Last week was Once Upon a Week so I posted Beastly (Flinn), Rapunzel's Revenge (Hale), and Fairest (Levine).

    Sunday, November 8, 2009

    Christmas Reading Challenge - COMPLETE

    I love Christmas books and I have a couple I read every year so I'm joining The Christmas Reading Challenge hosted by The True Book Addict.

    The Christmas Reading Challenge:

    • will run from Thanksgiving Day, November 26 through New Year's Eve, December 31, 2009
    • you can choose 1 - 3 books...I know it seems a small amount, but it's a busy time of year and the challenge is only a little over a month.
    • These must be Christmas novels, books about Christmas lore or a book of Christmas short stories (sorry, no children's books, but YA novel is okay).
    My list:

    1. A War of Gifts by Orson Scott Card
    2. A Christmas Carol by Charles Dickins (read it every year)
    3. Skipping Christmas by John Grisham (listen to it every year)
    4. Let It Snow by John Green, Lauren Myracle, and Maureen Johnson

    Saturday, November 7, 2009

    Kiss of Life (Generation Dead #2)

    *spoilers if you haven't read Generation Dead*

    From the book jacket:
    The phenomenon that's been sweeping the country seems to be here to stay. Not only are the teenagers who have come back from their graves still here, but newlydeads are being unearthed all the time. While scientists look for answers and politicians take their stands, the undead population of Oakville have banded together in a group they're calling the Sons of Romero, hoping to find solidarity in segregation.

    Phoebe Kendall may be alive, but she feels just as lost and alone as her dead friends. Just when she reconciled herself to having feelings for a zombie -- her Homecoming date Tommy Williams -- her friend Adam is murdered taking a bullet that was meant for her. Things get even more confusing when Adam comes back from the grave. Now she has romantic interest in two dead boys; one who saved her life, and one she can't seem to live without.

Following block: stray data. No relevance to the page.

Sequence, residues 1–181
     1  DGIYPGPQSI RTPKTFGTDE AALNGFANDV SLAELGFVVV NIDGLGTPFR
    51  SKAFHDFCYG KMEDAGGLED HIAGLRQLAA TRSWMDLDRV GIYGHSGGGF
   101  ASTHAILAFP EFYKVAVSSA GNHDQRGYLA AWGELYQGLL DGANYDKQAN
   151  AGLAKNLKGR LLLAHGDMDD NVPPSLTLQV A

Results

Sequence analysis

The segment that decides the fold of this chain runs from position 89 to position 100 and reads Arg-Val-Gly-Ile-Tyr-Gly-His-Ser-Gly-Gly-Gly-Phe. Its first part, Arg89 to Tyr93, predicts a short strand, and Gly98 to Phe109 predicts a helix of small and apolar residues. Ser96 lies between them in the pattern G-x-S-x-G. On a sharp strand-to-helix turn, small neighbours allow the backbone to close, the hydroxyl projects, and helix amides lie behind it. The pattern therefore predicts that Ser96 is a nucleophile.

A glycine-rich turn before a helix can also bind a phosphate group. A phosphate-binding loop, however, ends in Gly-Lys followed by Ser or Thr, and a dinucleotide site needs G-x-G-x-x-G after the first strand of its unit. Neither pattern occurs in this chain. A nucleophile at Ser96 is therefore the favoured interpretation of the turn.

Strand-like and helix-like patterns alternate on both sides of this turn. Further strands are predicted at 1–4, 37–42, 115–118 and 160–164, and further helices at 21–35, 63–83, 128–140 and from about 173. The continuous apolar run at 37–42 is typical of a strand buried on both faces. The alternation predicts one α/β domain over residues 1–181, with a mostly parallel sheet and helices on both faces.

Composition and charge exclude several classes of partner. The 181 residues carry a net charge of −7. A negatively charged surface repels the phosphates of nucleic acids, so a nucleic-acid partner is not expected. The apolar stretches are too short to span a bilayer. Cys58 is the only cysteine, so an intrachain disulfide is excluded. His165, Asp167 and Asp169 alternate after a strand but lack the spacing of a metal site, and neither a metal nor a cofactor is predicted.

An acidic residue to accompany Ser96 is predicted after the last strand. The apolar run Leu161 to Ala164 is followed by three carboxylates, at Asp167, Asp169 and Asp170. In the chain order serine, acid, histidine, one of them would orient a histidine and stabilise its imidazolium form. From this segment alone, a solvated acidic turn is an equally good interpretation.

While I liked this book and the previous one, I won't say that I was truly wow'd by the whole thing.  It's a great idea to equate the struggles of the undead to modern day civil rights struggles to make it more timely and have a greater impact.  But I felt like I was being hit over the head with it.  Although I do appreciate that this book was much less about Phoebe and more about the actual undead teenagers.  There were several points of view explained: Phoebe, Adam, Tak and Pete and it broke up the action and gave more insight to what was happening around the story.  It's great see the motive of the "villain" of the book, but the road Pete is going down is going to end in tragedy, I can tell.  And, while I like Phoebe, it was nice to have less of her.  I think the more interesting issue is what is going to happened to the zombie kids and how far everyone is going to end up from the beginning.